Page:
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The power of the pissed-off

Guest column by Kate Moulding

Thursday, September 9, 2004

November 2. Less than two months from today. The one chance for all of us Democrats, and liberals, and progressives, and revolutionaries to vote George W. Bush out of power.

I know it’s a big deal. You know it’s a big deal. But where does a 21-year-old like me who is entirely disgusted with U.S. politics go to have an impact on this monumental election? Where is the place for a young, pissed off, anti-Bush person in this political process?

My place has been hard to find. Politicians are not speaking to people like me in their campaigns because they don’t have to. Out of the 27 million eligible U.S. voters under age 25, only 10 million voted in the 2000 election.

With these numbers, we could have changed the outcome of the presidential election in a snap. In six different states the election was decided by fewer than 10,000 votes. If even 1 percent more of the eligible voters under age 25 had shown up at the polls, it would have been enough. We do have the power; we just have to use it.

The League of Pissed Off Voters ( is activating our power not just by getting young people to show up at the polls but by turning them into the hottest progressive political organizers out there. Nationally, youth from varied backgrounds and subcultures are coming together to take Bush out of office and transform American politics, building a progressive government that will truly represent us and our communities.

Experienced youth and student organizers are teaming up with kids who, until this year, never had any interest in voting or politics but are now ready for action. Around the country, kids are out at the clubs, at punk rock shows, and at hip-hop shows registering voters and turning voting and political organizing into the coolest new trends out there.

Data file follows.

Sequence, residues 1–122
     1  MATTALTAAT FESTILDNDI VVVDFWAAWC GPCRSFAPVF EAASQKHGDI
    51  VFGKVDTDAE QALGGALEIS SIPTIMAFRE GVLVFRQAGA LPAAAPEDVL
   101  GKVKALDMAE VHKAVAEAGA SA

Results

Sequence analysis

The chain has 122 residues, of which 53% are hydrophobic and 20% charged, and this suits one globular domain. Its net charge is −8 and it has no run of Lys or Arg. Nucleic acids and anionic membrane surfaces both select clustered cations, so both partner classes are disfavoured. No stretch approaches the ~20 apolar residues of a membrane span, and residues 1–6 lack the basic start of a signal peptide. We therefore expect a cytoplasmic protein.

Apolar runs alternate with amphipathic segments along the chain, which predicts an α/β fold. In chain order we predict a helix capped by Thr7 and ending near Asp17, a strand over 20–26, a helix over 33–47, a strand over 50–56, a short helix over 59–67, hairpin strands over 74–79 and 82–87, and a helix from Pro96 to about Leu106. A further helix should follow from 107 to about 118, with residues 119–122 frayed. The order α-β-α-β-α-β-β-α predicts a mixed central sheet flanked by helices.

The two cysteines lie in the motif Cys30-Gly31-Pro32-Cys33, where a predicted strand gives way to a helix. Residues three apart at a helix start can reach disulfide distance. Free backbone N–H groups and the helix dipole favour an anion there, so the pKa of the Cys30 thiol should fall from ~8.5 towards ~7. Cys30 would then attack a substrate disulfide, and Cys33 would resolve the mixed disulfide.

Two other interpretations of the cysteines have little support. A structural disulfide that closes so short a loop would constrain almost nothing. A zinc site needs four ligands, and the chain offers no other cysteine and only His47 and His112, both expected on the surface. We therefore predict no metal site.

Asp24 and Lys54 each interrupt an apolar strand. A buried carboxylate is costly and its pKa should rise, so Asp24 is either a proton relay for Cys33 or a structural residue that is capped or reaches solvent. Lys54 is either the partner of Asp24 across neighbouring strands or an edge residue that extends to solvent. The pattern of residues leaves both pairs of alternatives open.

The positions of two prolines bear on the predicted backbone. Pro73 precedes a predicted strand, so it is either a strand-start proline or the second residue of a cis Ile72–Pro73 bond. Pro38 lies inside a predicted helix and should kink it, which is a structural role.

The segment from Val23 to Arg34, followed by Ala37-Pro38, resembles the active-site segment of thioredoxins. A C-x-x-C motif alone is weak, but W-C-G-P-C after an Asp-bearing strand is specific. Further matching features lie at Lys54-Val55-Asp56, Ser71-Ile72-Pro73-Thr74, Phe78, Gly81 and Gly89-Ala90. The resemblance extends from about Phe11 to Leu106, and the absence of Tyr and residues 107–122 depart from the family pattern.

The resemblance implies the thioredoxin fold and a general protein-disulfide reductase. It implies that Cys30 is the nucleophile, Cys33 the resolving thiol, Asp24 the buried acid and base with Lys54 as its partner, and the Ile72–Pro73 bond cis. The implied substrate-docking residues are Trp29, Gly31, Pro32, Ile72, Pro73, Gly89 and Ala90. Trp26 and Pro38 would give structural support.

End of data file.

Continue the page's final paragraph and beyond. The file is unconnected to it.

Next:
This is about beating Bush, but this is also about saying that we are going to make democracy work for all of us. The league’s self-proclaimed goal is to “build a progressive governing majority in our lifetime.” For me, and for a lot of people in the league, that is one piece in realizing the kinds of social, political and economic changes that we want to see, but the league’s mission is an inspiringly attainable reality that we want, need and can create. The power of all the pissed off youth and every other screwed over or pissed off person in this country is enough to demand more from our politicians.

I should say, that it could be enough, but only if we combine our energies, make a plan, get active and convince all of our friends to do it too. The first step at Brown comes this Sunday, when the Providence League of Pissed Off Voters takes it to the streets of New Hampshire to help swing the state in favor of John Kerry. There is lots of other action planned for this fall, and of course there will also be you. Yes, you, we want you. I mean, we don’t just want you – we need you to be out there with us.

You might be asking “Why me?” or “How is all this magic going to happen?” OK, hang with me here and imagine this. In 2000, New Mexico was decided by 366 votes. In Florida, the declared margin of victory was 537. If 30 Floridians had each convinced five of their Gore-voting friends to vote and convinced those same friends to convince three of their Gore-voting friends to vote, we could have had 600 more Gore votes and taken away that supposed margin of victory. This is in our power.

In the long run, we can create progressive youth voting blocks that will have to be listened to and respected. Right now, we can swing this presidential election, this year, in these next two months, but time is running out. So let’s do it. First of all, make sure you are registered to vote (See to register). Then contact the Providence League of Pissed Off Voters to get involved and come with us this Sunday.

Kate Moulding ’05 and the Providence League of Pissed Off Voters can be reached at

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